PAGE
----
Boat Review Date: May 2016
Author: Mike Brown
For a hull length of a trace over five metres and sporting a roomy cockpit, the Brooker 535R Cuddy has a big cuddy indeed. The reason is simple: no foredeck, no side decks; everything in front of the wheel is cabin. This is one of those boats that do the simple things well.
With a hull weight of 490kg the Brooker is not a heavy boat, so the performance with a 100hp Honda was no surprise. There was a time when 50hp on a boat of this size was considered close to over powering. Not that I hanker for those days - I like the concept of power in reserve. The power trim obeys your subtlest command; a full load of passengers (six is the official maximum) just calls for a touch more throttle. Give it its head and the Brooker gets up and boogies: there is some fun available here. Even more fun if you decided to go for the maximum 135hp Brooker recommends.
Back to that cuddy. It has a huge volume that cries out for serious use – more than just using its good sitting headroom for temporary shelter. Previous customers have done just that, rigging it with sleeping bags for a pair of children and teaming this with camper backs linked with the Bimini over the cockpit. A pair of adults has room to get comfortable on air mattresses deployed over the carpeted deck. For serious camping work a barbecue can be installed at the transom.
The absence of side and fore decks is not missed. Any rope or anchor work forward is easily handled through the clear fore hatch – which is how it is usually done anyway even on boats with abundant decks.
Seating is better than basic. The two forward seats are comfortable swivels, pedestal mounted on locker boxes. These are reached via hinged lids rather than the more usual (and cheaper) cave openings. The steerage accommodation – but provided with a padded backrest - is on another locker box ahead of the transom.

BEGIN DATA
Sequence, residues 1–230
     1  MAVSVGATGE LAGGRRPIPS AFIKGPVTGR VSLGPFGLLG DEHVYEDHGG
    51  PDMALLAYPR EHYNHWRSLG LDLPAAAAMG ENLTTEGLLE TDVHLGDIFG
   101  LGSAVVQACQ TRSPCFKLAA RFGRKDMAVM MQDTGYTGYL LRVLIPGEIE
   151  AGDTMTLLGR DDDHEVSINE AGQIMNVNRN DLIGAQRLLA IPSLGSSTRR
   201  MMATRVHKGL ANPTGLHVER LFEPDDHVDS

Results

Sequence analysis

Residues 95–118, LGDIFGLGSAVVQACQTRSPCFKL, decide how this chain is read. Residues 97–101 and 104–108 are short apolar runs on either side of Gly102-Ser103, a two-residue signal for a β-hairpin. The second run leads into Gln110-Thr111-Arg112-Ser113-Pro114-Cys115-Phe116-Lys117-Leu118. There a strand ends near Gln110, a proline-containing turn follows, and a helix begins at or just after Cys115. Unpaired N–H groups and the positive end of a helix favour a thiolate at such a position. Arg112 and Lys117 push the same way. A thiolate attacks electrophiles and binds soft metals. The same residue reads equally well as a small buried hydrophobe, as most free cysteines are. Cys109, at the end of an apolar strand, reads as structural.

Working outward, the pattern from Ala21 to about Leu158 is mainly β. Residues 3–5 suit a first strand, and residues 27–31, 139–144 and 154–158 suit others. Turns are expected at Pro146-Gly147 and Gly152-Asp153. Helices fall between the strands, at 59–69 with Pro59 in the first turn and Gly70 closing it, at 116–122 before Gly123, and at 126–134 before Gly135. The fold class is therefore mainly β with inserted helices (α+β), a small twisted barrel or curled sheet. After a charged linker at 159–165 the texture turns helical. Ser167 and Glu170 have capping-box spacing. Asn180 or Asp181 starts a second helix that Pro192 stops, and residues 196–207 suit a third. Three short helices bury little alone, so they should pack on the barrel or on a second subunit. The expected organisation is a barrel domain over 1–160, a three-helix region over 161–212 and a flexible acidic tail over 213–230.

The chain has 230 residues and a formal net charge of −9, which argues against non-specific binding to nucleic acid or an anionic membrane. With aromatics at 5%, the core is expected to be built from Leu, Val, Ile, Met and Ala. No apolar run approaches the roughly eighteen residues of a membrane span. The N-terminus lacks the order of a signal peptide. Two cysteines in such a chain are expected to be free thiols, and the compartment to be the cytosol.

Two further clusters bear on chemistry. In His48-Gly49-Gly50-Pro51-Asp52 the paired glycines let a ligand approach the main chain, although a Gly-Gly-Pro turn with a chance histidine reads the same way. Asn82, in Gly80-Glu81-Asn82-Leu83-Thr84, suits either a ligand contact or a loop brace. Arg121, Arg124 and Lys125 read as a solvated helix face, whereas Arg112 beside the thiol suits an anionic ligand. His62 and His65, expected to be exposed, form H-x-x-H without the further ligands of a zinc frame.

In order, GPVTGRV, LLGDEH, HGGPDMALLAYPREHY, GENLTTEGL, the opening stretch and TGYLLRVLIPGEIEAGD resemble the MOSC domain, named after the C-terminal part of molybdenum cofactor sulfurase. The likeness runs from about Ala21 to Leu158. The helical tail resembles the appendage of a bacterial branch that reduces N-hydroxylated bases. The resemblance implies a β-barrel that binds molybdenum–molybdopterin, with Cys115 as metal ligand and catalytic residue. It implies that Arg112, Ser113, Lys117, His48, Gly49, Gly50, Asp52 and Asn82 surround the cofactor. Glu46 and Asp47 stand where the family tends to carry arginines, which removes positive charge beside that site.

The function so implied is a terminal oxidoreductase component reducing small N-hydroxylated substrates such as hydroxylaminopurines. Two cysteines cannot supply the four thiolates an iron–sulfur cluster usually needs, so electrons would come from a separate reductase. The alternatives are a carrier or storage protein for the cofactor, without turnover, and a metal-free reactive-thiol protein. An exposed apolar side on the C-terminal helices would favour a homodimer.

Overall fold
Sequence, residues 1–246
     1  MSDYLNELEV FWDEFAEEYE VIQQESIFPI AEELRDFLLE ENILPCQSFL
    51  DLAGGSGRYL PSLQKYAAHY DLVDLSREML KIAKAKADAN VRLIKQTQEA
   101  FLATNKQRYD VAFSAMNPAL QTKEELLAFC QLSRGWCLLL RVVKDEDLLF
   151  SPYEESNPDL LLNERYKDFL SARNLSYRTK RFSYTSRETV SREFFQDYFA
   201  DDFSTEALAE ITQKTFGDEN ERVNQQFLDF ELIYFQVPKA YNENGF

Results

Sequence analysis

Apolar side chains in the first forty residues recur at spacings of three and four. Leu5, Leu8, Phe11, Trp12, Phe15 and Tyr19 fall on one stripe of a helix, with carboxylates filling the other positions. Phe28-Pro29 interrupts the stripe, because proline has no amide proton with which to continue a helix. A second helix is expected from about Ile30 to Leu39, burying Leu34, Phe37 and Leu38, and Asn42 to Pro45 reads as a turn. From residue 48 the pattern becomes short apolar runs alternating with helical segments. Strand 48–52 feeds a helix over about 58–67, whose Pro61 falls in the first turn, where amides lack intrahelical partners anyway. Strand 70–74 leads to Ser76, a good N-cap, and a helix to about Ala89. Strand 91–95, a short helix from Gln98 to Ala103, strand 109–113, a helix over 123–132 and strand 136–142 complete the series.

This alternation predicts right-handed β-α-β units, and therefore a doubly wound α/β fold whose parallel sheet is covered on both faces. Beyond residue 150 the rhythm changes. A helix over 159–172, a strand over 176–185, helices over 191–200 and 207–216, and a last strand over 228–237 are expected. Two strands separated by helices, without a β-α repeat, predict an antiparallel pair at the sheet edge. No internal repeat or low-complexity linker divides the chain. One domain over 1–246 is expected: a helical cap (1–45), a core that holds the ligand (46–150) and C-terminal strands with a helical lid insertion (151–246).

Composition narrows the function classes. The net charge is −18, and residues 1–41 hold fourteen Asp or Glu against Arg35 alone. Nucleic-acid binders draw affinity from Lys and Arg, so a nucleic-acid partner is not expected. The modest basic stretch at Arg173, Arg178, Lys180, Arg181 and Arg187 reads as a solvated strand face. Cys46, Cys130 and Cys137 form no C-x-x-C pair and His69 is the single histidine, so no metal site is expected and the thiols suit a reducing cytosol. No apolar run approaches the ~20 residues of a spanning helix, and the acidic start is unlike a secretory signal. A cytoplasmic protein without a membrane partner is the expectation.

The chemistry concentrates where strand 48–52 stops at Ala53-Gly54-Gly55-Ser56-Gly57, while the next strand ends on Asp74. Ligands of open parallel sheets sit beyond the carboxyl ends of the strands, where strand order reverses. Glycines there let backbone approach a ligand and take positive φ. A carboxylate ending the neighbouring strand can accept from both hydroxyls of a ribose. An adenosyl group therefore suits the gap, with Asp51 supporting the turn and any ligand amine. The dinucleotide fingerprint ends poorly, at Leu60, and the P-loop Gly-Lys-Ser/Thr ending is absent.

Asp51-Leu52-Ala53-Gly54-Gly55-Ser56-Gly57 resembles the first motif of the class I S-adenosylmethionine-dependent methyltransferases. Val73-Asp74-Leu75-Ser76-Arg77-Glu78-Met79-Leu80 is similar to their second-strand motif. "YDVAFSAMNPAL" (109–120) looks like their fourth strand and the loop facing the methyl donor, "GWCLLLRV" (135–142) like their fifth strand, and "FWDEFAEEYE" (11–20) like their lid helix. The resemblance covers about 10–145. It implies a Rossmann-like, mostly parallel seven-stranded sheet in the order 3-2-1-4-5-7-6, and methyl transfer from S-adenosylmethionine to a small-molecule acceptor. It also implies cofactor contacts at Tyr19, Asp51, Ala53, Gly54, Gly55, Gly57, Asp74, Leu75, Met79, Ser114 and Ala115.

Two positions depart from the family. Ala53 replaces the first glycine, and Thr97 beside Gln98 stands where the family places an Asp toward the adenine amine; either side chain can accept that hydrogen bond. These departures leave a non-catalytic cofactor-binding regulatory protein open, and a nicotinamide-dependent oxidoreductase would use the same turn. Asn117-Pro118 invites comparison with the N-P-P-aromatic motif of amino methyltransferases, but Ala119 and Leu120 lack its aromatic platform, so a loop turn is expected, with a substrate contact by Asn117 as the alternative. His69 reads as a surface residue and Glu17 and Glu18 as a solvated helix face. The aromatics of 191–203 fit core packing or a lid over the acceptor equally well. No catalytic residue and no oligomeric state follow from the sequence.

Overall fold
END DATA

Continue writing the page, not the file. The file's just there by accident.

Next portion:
Where the 535 scores most conspicuously over other boats in its class is in coaming height. Many pressed ally boats of this size seem designed on the assumption that everybody sits all the time; certainly while fishing. These coamings are 700mm above the deck and contact standing legs at thigh height rather than near the knee. Options for fishing posture aside, this is reassuring with children aboard.
Unlike individually finished plate boats, mass produced aluminium boats are mostly vulnerable when coming alongside. Masking the rubbing strake before painting costs time, so you get the weird state of affairs of the driver trying to protect his fenders from scratching. The local Brooker agent spent the extra dollars to give his customers raw aluminium to put against the jetty.
In the past Hondas have generally been supplied with analogue gauges. These do a fine job of making a clear display of the vital signs. They do nothing for all the detailed stuff of fuel consumption, miles left in the tank and so on. Our boat had the optional extra of the latest digital display that can tell you things you never even thought of asking. Even a Luddite like me found it fascinating.
There are plenty of other standard and optional features that take this boat out of the ruck: pod/boarding platform and ladder, two-level pockets alongside the seats, side windows in the cuddy, well fitting clears and more. Perhaps best of all is the top of the range Dunbier glide-on trailer. It persuades the 535 to do just that.
Price as reviewed $48,950
Length overall 5.35m
Hull weight 490kg
Motor fitted 100hp Honda